‘This anxiety feels bad, so what do we do? We reach for our phones and, likely, find a notification of a reward — which reinforces the idea that checking our phones is important… and the cycle continues.’

Becca points out that the research backs this up, noting that just knowing your phone exists somewhere out of your immediate view is enough to mess up your focus.

‘There are a couple of really interesting studies that found your attention is really divided when there’s a phone nearby,’ she explains ‘Even if it’s barely in your field of vision or even out of it and you think you’re engrossed in something else. So it’s totally normal to feel a pull towards it.’

Is turning all notitications off the answer? (Picture: Getty Images)

How can we deal with FOMN?

It can seem like the only way to escape the pull of screens and notifications is to chuck your phone into a river and go all digital detox. But that’s not a particularly realistic solution, so what else can we do?

Notice your FOMN

Here’s a mindfulness approach: recognise that you’re feeling anxious, but observe and accept that sensation from a distance. Recognise that it’s there, it feels uncomfortable, but it will pass.

Becca says: ‘A big part of this is accepting it’ll feel weird and uncomfortable.’

Understand that this is normal

You’re not silly or weird for feeling a deep sense of dread when separated from your phone. Just look at all the people who can’t even go to the toilet without their phone in their hands, or who wouldn’t dream of nipping to the corner shop without shoving a screen in their back pocket.

‘This is exactly why I don’t believe in cold turkey digital detoxes as a concept,’ says Emma Gannon, author of Disconnected. ‘Turning my phone off and going into a hut in the woods for a week would make me more anxious — what if someone I loved needs me? What if someone is in trouble?’

‘There’s nothing wrong with you for feeling FOMN,’ adds Becca. ‘In fact, write that down somewhere, commit it to memory. There’s nothing wrong with you for feeling FOMN or any kind of tech-induced anxiety whatsoever.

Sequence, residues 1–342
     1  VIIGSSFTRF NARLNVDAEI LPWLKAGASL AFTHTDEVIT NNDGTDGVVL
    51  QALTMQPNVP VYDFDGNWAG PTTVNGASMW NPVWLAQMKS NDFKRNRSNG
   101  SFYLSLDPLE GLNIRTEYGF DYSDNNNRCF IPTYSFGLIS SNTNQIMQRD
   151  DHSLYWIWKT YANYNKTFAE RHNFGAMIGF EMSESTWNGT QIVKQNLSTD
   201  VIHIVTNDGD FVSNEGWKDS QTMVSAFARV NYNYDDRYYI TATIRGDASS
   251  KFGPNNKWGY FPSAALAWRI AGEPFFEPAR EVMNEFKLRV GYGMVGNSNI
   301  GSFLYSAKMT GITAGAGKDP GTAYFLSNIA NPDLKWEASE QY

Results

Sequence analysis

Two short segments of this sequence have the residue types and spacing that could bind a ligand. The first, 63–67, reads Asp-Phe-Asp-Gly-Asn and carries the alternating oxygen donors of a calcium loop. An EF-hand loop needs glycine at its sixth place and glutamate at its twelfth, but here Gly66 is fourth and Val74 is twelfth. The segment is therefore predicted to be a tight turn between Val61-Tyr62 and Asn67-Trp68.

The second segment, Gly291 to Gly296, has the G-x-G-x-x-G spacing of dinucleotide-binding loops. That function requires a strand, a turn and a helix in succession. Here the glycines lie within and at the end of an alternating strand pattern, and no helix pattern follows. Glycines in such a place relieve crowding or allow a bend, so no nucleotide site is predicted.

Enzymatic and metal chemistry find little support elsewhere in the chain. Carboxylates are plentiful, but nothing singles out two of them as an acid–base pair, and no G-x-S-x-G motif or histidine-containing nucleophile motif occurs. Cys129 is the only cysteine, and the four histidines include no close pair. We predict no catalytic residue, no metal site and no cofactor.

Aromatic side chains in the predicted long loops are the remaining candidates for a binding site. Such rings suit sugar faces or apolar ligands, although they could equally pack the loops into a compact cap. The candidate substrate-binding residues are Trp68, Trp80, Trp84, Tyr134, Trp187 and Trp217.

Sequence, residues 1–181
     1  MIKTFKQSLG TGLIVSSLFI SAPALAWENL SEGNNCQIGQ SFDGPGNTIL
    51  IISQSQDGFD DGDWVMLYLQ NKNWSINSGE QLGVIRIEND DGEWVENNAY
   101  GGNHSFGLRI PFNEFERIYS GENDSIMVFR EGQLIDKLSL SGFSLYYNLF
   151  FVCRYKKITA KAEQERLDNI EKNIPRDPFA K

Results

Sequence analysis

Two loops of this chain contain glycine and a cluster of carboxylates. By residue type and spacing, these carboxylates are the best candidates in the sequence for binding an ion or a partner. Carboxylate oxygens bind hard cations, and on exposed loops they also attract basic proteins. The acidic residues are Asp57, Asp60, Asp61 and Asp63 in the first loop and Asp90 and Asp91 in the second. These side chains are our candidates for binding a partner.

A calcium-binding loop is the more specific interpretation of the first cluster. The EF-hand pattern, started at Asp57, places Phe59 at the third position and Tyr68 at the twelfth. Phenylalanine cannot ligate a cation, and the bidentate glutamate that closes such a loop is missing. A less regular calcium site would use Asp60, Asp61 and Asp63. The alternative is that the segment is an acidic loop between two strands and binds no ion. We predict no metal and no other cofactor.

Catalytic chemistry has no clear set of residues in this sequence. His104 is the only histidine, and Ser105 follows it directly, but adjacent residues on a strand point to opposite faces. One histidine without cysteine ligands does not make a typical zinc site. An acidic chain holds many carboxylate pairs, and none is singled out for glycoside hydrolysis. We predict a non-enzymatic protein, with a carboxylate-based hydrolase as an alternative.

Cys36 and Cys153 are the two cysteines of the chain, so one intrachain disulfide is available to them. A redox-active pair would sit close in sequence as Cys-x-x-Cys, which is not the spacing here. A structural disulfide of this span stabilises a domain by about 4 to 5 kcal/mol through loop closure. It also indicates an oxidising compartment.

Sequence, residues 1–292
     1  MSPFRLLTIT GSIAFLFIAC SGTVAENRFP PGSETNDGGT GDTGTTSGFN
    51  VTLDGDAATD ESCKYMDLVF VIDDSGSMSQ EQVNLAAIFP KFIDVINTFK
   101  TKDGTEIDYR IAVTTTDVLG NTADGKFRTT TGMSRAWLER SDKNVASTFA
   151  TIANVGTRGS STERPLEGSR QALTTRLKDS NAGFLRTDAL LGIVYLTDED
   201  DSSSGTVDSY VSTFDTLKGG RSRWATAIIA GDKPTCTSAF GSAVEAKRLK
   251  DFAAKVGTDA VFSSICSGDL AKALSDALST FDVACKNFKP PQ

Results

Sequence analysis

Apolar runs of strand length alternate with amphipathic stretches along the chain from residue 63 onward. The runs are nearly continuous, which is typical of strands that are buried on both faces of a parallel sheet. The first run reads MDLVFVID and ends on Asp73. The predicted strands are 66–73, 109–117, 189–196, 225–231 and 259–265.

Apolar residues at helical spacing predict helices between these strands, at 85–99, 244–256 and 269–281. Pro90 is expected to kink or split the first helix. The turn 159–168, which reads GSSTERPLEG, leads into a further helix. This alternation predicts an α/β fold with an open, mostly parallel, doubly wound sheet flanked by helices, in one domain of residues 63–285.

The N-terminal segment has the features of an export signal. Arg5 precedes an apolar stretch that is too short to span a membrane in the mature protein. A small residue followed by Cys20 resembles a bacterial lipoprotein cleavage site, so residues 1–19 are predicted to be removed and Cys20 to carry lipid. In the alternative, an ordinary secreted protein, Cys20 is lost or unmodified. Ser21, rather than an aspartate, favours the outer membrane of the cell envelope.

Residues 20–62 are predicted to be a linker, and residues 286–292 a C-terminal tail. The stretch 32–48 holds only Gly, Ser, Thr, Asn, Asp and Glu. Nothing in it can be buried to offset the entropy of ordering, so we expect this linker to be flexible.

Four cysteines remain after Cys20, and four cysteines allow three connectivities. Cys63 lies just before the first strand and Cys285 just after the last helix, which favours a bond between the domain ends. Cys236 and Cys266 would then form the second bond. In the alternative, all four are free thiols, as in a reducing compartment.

‘It’s normal and, in some ways, it’s been designed to get you feeling like this. Please don’t think you need a digital detox or something is majorly wrong – it’s likely not.’

Relax the need for immediate responses

‘I know a lot of people get into the habit of replying to friends and family within minutes – seconds even! – when we all know that isn’t necessary,’ says Becca. ‘It’s become a constant back and forth.

‘This isn’t necessarily bad – our phones are a great way to connect with other people – but that connection shouldn’t be drowned out by anxiety at what might happen if you don’t reply instantaneously – nothing, nothing will happen!’

Woman texting on smartphone

You don’t need to respond right away (Picture: Getty Images)

Make notification technology work better for you

For some people, there’s an obvious answer: just turn off your notifications.

But for those with FOMN, that would only trigger more worry – if you know that notifications just aren’t coming through, there’s even more potential for catastrophising: what if there’s an urgent text you have no idea is lurking there? What if there’s breaking news, and you have no clue?

So, trim your notifications so that you can get a little space from them. In times when you don’t want to be distracted, but can feel secure that if anything really important happens, it’ll come through, use tools like Don’t Disturb Mode, setting up exceptions for only urgent/important contacts or means of contact (like your mum, who would only call if there was an emergency).

Turn off notifications for apps you know are attention-suckers, but leave on any that you feel too anxious to completely silence.

Emma says: ‘Setting up your notifications so that you know you won’t miss an important one means you can ignore the pointless ones that don’t matter so much.’

Recognise the damage being ‘always on’ is doing

It’s easy to think that being constantly attached to your phone is no biggie; a non-issue that doesn’t need dealing with. But is constantly checking your phone – and feeling like you have to do this – taking a toll?

‘Notice the cost of constantly tending to notifications,’ recommends Catherine. ‘Pay attention to the impact that constant distractions has on your ability to be present in your life.’

Gently break the separation anxiety cycle